And Then There's Norm
The Onion's AV Club has a pretty interesting interview with Norman Lear, who in days of yore bestrode the TV world like a colostomy bag. Sample:
O: If you were just reflecting back what people saw in their daily lives, why were these shows so controversial?
NL: They weren't that controversial. That's the heart of it: My shows were not that controversial with the American people. They were controversial with the people who think for the American people. That's a very hard thing to help the establishment know. We're still an establishment that thinks the average mentality is something like 13 years of age, that never forgot H.L. Mencken's notion that nobody lost money underestimating the intelligence of the American people. That's the horseshit the establishment has always lived with.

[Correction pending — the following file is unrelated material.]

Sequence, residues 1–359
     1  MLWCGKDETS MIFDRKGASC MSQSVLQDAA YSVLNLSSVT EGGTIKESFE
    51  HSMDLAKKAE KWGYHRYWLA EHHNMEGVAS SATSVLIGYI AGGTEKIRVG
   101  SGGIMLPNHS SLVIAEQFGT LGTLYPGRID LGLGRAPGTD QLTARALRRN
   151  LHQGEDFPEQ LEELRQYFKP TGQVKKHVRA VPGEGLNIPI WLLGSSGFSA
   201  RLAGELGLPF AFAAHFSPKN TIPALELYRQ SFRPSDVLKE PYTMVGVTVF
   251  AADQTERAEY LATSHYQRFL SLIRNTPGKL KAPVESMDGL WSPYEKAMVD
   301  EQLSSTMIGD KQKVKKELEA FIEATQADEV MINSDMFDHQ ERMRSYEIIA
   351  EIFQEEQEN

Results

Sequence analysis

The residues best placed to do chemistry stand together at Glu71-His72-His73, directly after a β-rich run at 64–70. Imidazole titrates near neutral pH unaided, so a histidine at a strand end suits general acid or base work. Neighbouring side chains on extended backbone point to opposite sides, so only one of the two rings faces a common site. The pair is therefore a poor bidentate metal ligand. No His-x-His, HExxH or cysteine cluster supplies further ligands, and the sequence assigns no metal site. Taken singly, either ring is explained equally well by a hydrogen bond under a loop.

The American people may not be the best-educated, but they're very wise at heart. I remember making a picture called Cold Turkey, before All In The Family, in Winterset, Iowa. There were a couple of shop owners on the town square that everybody knew, and I knew very well, who were gay and had been living together for a great many years. And it was no big deal in the town. From that moment, I thought of Iowa as my second home. And when they used to say, "This will never fly in Des Moines," or "There'll be a knee-jerk reaction in the Bible Belt if you do this," I would say, "Don't tell me that. I come from the Bible Belt, and I'm a son of Des Moines." There was no real controversy with All In The Family. That came from the people on the business end.
Whole thing, with further discussion of the great, forgotten Dick Van Dyke smoking comedy Cold Turkey, right here.